There exists in such a case a certain institution or law; let us say, for the sake of simplicity, a fence or gate erected across a road. The more modern type of reformer goes gaily up to it and says, ‘I don’t see the use of this; let us clear it away.’ To which the more intelligent type of reformer will do well to answer: ‘If you don’t see the use of it, I certainly won’t let you clear it away. Go away and think. Then, when you can come back and tell me that you do see the use of it, I may allow you to destroy it.’
The above paragraph is from G.K. Chesterton’s 1929 defence of Catholicism titled The Thing. Chesterton’s fence is in some ways a very simple defence of conservatism: it warns us that the more confidently you declare a fence to be redundant, then the more ignorant you are of the reasons why the fence was built in the first place.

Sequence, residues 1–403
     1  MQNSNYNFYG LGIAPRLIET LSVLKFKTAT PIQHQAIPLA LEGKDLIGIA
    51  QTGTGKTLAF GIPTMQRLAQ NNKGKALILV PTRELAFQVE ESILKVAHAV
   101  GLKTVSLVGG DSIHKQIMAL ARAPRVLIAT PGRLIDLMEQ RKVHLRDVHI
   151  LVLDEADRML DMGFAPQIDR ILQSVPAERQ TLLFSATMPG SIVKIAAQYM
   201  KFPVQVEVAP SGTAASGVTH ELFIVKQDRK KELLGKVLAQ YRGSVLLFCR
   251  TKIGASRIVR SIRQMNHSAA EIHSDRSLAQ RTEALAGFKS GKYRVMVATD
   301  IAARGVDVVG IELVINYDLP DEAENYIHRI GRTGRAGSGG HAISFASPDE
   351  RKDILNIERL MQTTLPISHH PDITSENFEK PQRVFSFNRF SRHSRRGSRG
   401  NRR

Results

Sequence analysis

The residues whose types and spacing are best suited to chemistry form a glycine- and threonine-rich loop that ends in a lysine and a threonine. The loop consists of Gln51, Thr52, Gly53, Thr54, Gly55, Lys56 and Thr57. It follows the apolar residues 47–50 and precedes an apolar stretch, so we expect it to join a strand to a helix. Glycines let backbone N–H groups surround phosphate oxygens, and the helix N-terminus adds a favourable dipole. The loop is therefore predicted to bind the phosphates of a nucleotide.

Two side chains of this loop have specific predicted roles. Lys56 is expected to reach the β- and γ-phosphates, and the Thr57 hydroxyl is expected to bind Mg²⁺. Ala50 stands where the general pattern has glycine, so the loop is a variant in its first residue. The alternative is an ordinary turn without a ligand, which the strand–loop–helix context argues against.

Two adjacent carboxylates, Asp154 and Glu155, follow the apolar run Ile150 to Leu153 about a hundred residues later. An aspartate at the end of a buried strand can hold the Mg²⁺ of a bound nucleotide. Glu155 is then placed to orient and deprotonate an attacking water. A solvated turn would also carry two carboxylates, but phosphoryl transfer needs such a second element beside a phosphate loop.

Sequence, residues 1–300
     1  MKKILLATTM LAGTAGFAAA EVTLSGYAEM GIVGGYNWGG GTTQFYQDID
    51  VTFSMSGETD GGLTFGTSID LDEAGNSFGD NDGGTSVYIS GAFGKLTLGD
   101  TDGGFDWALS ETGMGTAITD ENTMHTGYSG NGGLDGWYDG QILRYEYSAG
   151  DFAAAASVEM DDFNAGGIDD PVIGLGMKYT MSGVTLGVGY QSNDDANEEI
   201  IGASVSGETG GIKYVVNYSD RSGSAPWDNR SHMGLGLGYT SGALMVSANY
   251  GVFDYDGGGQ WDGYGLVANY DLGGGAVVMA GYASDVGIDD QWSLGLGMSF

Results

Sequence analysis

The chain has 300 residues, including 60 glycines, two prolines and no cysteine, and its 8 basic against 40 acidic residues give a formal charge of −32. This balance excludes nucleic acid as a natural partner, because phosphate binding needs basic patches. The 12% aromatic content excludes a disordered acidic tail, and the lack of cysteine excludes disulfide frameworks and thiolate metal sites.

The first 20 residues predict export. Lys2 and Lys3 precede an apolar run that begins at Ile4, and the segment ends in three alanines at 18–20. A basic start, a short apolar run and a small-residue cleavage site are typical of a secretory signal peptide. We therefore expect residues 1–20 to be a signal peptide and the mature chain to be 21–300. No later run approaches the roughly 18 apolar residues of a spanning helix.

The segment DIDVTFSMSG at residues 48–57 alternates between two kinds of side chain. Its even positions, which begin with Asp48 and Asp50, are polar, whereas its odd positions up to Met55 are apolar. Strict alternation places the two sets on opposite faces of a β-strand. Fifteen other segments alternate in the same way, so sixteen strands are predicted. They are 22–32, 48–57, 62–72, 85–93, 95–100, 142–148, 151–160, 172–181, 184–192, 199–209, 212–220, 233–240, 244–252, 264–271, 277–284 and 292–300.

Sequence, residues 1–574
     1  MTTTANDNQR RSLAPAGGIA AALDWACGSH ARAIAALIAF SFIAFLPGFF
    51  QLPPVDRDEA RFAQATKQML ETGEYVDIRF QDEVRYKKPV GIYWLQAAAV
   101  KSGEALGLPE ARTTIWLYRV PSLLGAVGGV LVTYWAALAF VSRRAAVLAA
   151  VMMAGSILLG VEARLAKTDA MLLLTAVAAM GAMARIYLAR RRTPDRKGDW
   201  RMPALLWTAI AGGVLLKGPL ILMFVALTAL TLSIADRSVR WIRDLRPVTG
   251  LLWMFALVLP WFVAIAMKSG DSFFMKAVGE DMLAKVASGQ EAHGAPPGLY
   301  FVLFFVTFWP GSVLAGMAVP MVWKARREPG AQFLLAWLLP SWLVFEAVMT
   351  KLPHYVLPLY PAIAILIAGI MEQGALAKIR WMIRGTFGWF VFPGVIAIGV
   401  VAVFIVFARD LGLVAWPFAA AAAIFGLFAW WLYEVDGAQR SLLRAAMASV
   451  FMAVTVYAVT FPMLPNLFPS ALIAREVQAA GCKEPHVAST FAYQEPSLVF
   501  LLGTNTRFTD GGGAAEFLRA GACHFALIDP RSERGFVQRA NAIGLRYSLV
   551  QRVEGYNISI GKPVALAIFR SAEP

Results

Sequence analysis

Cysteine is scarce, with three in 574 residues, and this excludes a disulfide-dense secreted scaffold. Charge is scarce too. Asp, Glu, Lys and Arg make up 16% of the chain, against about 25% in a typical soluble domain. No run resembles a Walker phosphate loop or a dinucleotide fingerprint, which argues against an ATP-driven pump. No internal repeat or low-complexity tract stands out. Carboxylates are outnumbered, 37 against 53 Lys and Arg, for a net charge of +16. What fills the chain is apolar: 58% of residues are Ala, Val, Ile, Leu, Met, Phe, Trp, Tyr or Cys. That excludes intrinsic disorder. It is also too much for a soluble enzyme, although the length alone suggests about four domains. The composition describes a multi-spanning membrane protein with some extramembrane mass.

It may also help explain why we may be right to be suspicious of experts. Sometimes, being more wedded to reductionist abstractions, intellectuals are all too eager to reinvent things in pursuit of conceptual neatness, and so can rip out -Chestertonian fences all too hastily. Ideas such as electoral reform, a single -European currency, or the removal of the monarchy, for instance, are all intellectual enthusiasms rarely shared by ordinary folk. All three ideas seem to make perfect sense until you think long and hard about what the hidden virtues of the previous irrational arrangement may be. The great thing about disproportional representation, for instance, is that it allows you thoroughly to purge bad governments — which is probably the most important attribute of democracy.